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Writing for the Web

Tuesday 17 August, 2004 (10:04AM GMT)

After writing the previous post and putting it up, I realised how long it was and how completely disinterested in reading it I would be if I came across it.

Man, I don't half ramble sometimes.

Writing for the web is different to writing for any other medium.

Apart from good content, what makes you interested (or disinterested) in reading something on the web?


Comment 1

Are you talking about blog posting specifically, or more generally about writing content for a page on the web?

Clearly, it's important to link to relevant sites/articles to back up what you're saying where possible. Naturally this could be taken to an extreme, but a sensible smattering of supporting material (just like references in a dissertation) not only gives visitors the impression that your posts are authoritative, but also allows them to check whether that really is the case and to easily begin to explore the topic in greater detail.

For instance, it would have been useful for you to have linked to these pages (found with a quick Google):


So said Marcus Tucker on Tuesday 17 August, 2004 at 10:36AM GMT.

Comment 2

I was talking about writing for the web in general really and looking for peoples opinions.
Very good point about the links - thanks for doing that for me!

So said Patrick on Tuesday 17 August, 2004 at 10:45AM GMT.

Comment 3

I think some important things to remember when writing for the web are:

- the literacy level of many users is that of a primary school child so (as Patrick said) write simply. (Did you know that a lot of Deaf people also have trouble with English, because sign language has a different syntax?)

- lots of subheadings to break up text. Users (visually) scan web pages and don't want to read through long paragraphs and/or pages to find the info they want.

Of course there are lots of factors that go towards writing web copy but these are the two I keep uppermost in my mind. And they sure do apply to me when I view web pages. I'm not interested in rambling spiels myself. Just show me what I want to know so I can get out of here. :-)

Vicki. :-)

So said Vicki on Tuesday 17 August, 2004 at 11:58AM GMT.

Comment 4

I think it's important to remember the difference between "disinterested" (neutral, lacking in self-interest) and "uninterested" (not interested).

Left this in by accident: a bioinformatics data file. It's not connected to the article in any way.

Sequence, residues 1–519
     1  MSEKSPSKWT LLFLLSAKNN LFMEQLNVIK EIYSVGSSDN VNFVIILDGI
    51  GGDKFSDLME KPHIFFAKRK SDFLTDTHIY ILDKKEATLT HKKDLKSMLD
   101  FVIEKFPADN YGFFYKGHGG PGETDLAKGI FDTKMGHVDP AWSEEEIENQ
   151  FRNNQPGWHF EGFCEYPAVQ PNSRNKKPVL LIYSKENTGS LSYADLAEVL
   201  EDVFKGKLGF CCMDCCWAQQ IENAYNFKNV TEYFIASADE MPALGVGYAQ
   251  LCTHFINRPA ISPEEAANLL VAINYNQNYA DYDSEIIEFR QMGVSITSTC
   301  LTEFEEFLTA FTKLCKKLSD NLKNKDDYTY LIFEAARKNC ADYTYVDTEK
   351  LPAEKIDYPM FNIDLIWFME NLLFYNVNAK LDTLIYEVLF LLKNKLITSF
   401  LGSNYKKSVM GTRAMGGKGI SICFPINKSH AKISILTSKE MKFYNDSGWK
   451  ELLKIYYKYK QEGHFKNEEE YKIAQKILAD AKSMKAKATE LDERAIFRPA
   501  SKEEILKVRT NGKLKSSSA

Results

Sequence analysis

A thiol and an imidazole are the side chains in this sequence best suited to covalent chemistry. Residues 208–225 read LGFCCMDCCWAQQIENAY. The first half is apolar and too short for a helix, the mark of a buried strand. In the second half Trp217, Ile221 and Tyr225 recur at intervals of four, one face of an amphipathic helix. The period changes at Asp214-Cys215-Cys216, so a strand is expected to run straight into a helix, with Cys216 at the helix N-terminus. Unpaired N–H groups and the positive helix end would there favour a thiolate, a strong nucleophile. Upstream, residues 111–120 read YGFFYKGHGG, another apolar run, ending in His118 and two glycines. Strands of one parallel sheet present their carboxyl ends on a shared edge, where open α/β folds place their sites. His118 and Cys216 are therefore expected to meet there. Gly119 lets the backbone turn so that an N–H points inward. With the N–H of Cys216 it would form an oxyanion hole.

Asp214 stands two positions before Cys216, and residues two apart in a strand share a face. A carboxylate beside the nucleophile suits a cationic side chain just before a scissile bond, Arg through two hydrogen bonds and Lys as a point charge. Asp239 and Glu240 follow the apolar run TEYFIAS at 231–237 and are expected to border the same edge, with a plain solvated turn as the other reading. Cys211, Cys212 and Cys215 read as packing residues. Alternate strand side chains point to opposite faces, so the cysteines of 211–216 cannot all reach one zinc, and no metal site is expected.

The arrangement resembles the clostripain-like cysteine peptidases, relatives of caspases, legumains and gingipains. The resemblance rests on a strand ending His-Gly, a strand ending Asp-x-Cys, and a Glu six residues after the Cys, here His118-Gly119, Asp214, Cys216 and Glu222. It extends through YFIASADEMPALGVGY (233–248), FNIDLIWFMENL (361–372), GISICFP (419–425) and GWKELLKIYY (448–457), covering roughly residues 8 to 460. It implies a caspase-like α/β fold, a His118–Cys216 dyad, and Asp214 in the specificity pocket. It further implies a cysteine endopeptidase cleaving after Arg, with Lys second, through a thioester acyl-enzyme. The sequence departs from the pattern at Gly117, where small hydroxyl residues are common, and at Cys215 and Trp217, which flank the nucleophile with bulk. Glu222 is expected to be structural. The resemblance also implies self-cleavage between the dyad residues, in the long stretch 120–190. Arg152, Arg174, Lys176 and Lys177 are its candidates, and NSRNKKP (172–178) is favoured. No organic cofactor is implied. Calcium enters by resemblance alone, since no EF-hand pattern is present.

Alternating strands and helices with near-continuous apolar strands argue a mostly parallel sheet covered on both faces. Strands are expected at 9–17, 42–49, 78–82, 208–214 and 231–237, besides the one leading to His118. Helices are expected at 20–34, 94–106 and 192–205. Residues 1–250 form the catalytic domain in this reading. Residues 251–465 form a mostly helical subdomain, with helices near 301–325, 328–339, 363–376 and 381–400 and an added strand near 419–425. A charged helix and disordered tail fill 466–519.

Sorry, pet peeve!

I thought your piece was OK yesterday - but maybe it's just that I've been waiting so long for a new dog blog post!

So said Chris Hunt on Tuesday 17 August, 2004 at 12:35PM GMT.

Comment 5

It's great to see the Dog Blog has a fan following :).

Me and my damned crap use of the English language (although there's an interesting usage note on - ). Please don't take me as a completely disintelligent buffoon.

So said Patrick on Tuesday 17 August, 2004 at 12:45PM GMT.

Comment 6

besides the four points you mentioned, there's a couple of other things that discourage me from reading on the web. The first is bad grammar and typos. It seems like learning how to spell correctly and use of proper grammar (not a shot at you BTW) is anathema when it comes to the web (especially on personal sites).

The other is poor layout. Maybe it's just the designer in me. Extremely large chunks of copy are really hard to read, especially on screen.

So said Chris Kavinsky on Tuesday 17 August, 2004 at 6:26PM GMT.

Comment 7

Irregardless ;^) of our views on the connection between spelling & intelligence, I still say that correct spelling is so important. I hate reading poorly spelt out sentences. Sometimes you can't even understand the key phrases. It offends me, because it makes the entire reading session a waste of time.

So said Eugene Wong on Tuesday 17 August, 2004 at 7:34PM GMT.

Comment 8


So said Dante on Tuesday 17 August, 2004 at 9:43PM GMT.

Comment 9

Here are some things that make blogs good, in my opinion:

1. Unique Content
2. Humorous
3. Short and to the point
4. Interactive (I don't understand the point of blogs with no comments)
5. Interesting links that I would never find on my own
6. Professional, but simple layout

So said entertainment news on Wednesday 18 August, 2004 at 12:30AM GMT.

Comment 10

I actually like reading on-screen, and the only time I'll print something out is if I need to bring it with me off-line. Therefore I sometimes forget that most people find it difficult to read on the screen, and I'm too verbose.